Polio Vaccine & Polio Virus
Polio is a disease caused by a virus. It enters a child’s (or adult’s) body through the mouth. Sometimes it does not cause serious illness. But sometimes it causes paralysis (can’t move arm or leg). It can kill people who get it, usually by paralyzing the muscles that help them breathe.
Oral Polio Vaccine: No longer recommended
There are two kinds of polio vaccine: IPV, which is the shot recommended in the United States today, and a live, oral polio vaccine (OPV), which is drops that are swallowed. Until recently OPV was recommended for most children in the United States. OPV helped us rid the country of polio, and it is still used in many parts of the world.
Both vaccines give immunity to polio, but OPV is better at keeping the disease from spreading to other people. However, for a few people (about one in 2.4 million), OPV actually causes polio. Since the risk of getting polio in the United States is now extremely low, experts believe that using oral polio vaccine is no longer worth the slight risk, except in limited circumstances which your doctor can describe. The polio shot (IPV) does not cause polio. If you or your child will be getting OPV, ask for a copy of the OPV supplemental Vaccine Information Statement.
In the rare event that you or your child has a serious reaction to a vaccine, there is a federal program that can help pay for the care of those who have been harmed.
What are the risks from IPV?
Some people who get IPV get a sore spot where the shot was given. The vaccine used today has never been known to cause any serious problems, and most people don’t have any problems at all with it. However, a vaccine, like any medicine, could cause serious problems, such as a severe allergic reaction. The risk of a polio shot causing serious harm, or death, is extremely small, but it still happens! In those cases, people injured may file a claim under the NVICP (National Vaccine Injury Compensation Program).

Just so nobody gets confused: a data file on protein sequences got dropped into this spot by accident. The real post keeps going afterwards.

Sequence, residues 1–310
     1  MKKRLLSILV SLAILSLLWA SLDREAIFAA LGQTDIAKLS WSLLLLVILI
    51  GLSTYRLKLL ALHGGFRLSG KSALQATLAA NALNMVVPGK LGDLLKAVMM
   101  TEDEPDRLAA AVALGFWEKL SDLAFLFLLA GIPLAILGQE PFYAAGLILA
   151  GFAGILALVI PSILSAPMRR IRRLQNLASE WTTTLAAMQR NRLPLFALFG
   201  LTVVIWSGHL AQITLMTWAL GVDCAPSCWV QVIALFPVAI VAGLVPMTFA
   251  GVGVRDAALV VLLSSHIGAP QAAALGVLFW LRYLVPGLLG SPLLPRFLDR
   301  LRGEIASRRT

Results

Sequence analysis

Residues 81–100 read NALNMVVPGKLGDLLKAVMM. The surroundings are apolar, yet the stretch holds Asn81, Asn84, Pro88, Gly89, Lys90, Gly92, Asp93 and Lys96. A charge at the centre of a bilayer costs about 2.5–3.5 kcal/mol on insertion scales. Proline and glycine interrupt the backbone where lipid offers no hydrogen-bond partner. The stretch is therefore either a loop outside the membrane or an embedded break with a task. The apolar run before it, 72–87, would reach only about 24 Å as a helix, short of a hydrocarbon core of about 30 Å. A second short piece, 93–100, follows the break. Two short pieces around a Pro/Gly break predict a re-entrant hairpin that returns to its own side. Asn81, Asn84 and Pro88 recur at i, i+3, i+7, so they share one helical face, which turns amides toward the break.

What if there is a serious reaction? What should I look for? Look for any unusual condition, such as a serious allergic reaction, high fever, or unusual behavior. If a serious allergic reaction occurred, it would happen within a few minutes to a few hours after the shot. Signs of a serious allergic reaction can include difficulty breathing, weakness, hoarseness or wheezing, a fast heart beat, hives, dizziness, paleness, or swelling of the throat.
What should I do? Call a doctor, or get the person to a doctor right away. Tell your doctor what happened, the date and time it happened, and when the vaccination was given. Ask your doctor, nurse, or health department to report the reaction by filing a Vaccine Adverse Event Reporting System (VAERS) form. Or you can file this report through the VAERS website, or by calling 1-800-822-7967. VAERS does not provide medical advice. Reporting reactions helps experts learn about possible problems with vaccines.
Can I bring a lawsuit? Contact our lawyers to see if you qualify for a claim under the National Vaccine Injury Compensation Program.